Mothers face crackdown on epidural births Sarah-Kate Templeton
HOSPITALS are under attack from staff and patients for trying to stop large numbers of women from having epidurals during birth ... The controversial restrictions ... aim drastically to reduce the number of women having epidurals, caesareans or other artificial procedures to 40%.
In some hospitals the proportion of first-time mothers now having epidurals is far higher at 60%.
The targets are contained in a guidance document, Making Normal Birth a Reality, drawn up by the National Childbirth Trust (NCT) with the backing of the Royal College of Midwives and the Royal College of Obstetricians and Gynaecologists.
The document argues that mothers and doctors are too ready to resort to medical intervention and that any such procedure brings risks ...
Professor James Walker, a consultant obstetrician at Leeds Teaching Hospitals NHS Trust, said ... “Epidurals should not be done without reason; they should be kept to a minimum. There are some women, however, who require an epidural because they cannot cope with the pain in any other way.”
Belinda Phipps, chief executive of the NCT, argues, however, that there are medical reasons for trying to restrict the procedure. An epidural, she says, is more likely to result in a baby being delivered with forceps or a ventouse - a suction device - because the mother is less able to push the baby out.
A British review ... found the procedure prolonged labour and increased the chance of further medical intervention by 40%.
When I did my midwifery degree, midwives were supported by management and other midwives to support women through natural labour, if that was their intention. We all know that at some point in labour, many women want something, anything - epidural, caesarean, whatever! But that is where the skill of the midwife really comes in. It is about calming the woman, helping her to change position, getting her a hotpack, moving into the bath, talking calmly to her, surrounding her with love and supportive people - these "interventions" are both safe and effective.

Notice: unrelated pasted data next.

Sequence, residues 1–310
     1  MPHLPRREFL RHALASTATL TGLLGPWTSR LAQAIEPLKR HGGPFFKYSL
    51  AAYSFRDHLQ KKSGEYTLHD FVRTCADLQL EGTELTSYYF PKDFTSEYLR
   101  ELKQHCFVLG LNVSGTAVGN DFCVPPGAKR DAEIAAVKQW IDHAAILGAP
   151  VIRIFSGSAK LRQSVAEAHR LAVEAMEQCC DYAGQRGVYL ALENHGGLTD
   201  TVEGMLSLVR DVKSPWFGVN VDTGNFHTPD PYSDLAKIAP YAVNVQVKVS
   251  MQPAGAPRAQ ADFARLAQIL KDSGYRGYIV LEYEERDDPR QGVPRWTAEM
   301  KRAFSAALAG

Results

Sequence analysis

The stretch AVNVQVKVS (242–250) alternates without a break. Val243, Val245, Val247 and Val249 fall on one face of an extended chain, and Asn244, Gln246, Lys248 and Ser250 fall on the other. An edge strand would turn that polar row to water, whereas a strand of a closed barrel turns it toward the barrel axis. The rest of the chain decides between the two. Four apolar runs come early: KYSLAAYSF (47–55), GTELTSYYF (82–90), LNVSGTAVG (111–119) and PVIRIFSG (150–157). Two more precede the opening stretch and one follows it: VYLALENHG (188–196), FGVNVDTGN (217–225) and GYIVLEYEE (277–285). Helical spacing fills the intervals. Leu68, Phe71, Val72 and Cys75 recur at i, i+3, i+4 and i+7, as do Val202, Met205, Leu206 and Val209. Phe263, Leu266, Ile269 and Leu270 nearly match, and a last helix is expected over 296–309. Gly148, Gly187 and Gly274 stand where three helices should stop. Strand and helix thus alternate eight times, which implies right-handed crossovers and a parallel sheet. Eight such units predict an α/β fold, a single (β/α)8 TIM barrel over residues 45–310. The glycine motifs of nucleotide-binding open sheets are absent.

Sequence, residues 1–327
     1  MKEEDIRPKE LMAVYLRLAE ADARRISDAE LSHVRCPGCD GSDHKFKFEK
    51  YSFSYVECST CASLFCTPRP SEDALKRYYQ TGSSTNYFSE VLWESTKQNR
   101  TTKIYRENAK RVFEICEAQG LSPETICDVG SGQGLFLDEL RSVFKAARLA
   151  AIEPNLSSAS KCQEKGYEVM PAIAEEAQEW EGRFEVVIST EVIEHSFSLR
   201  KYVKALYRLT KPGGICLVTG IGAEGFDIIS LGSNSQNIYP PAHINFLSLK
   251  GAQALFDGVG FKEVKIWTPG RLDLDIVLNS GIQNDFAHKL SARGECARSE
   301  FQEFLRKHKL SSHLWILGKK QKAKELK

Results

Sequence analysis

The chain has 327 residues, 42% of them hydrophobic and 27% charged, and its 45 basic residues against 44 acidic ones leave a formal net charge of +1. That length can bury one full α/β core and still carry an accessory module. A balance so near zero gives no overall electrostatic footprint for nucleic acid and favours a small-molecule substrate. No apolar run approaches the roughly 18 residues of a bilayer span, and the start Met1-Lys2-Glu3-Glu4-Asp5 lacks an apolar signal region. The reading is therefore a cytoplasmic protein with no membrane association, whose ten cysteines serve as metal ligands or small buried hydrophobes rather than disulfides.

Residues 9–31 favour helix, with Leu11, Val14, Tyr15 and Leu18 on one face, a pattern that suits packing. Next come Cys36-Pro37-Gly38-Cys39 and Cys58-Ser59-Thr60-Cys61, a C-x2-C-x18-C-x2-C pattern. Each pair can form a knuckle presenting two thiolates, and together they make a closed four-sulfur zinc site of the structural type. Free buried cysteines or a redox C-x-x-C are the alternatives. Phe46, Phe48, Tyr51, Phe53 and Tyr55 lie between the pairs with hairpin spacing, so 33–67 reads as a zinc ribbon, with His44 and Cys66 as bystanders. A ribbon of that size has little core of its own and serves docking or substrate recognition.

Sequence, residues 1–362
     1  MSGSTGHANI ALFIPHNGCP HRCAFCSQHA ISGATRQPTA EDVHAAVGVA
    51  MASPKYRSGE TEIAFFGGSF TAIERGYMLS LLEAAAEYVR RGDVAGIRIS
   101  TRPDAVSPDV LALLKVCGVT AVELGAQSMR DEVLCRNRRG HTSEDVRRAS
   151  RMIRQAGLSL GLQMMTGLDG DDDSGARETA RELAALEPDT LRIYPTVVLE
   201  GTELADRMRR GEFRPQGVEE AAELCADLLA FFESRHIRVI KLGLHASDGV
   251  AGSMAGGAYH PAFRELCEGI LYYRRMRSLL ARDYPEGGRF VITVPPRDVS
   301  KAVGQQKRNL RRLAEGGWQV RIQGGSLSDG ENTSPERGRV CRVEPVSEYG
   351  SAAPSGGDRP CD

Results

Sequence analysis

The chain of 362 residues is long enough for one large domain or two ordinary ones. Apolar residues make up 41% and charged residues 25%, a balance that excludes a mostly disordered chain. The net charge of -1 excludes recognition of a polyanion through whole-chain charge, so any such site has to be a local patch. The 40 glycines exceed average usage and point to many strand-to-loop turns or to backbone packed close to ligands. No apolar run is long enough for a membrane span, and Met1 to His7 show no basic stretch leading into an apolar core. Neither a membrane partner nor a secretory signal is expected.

Epidurals have been demonstrated to have complications associated with their use: longer labour leading to augmentation (breaking waters or using an infusion of syntocinon), fetal distress from augmentation, malpositioning of the baby (such as posterior), back ache, spinal tap, infection, increase in the caesarean rate as a consequence of being continuously monitored, and forceps or a vacuum birth because of the woman's inability to feel to push.
With all these consequences of epidurals, is there any question why there's a push towards normal birth?
It does, however, beg the question - who should decide what intervention a woman has in her bitrh? Surely it's the woman's choice, and hers alone. I agree with this comment, and happily support women through hospital births where they may elect to have an epidural. However, I tend to find that a well-informed woman who has attended comprehensive childbirth education and perhaps Calmbirth classes, will be far less likely to choose an elective epidural.
Smriti Singh, mentioned in the article, alludes to the potential for birth trauma related to the pain of birth. Most quality research points to their being less birth trauma for women who have experienced natural birth, than women who have experienced interventionist birth. Mitigating factors are things such as birth preparation, having an awareness and understanding of all available options, and the presence of a supportive person during your birth.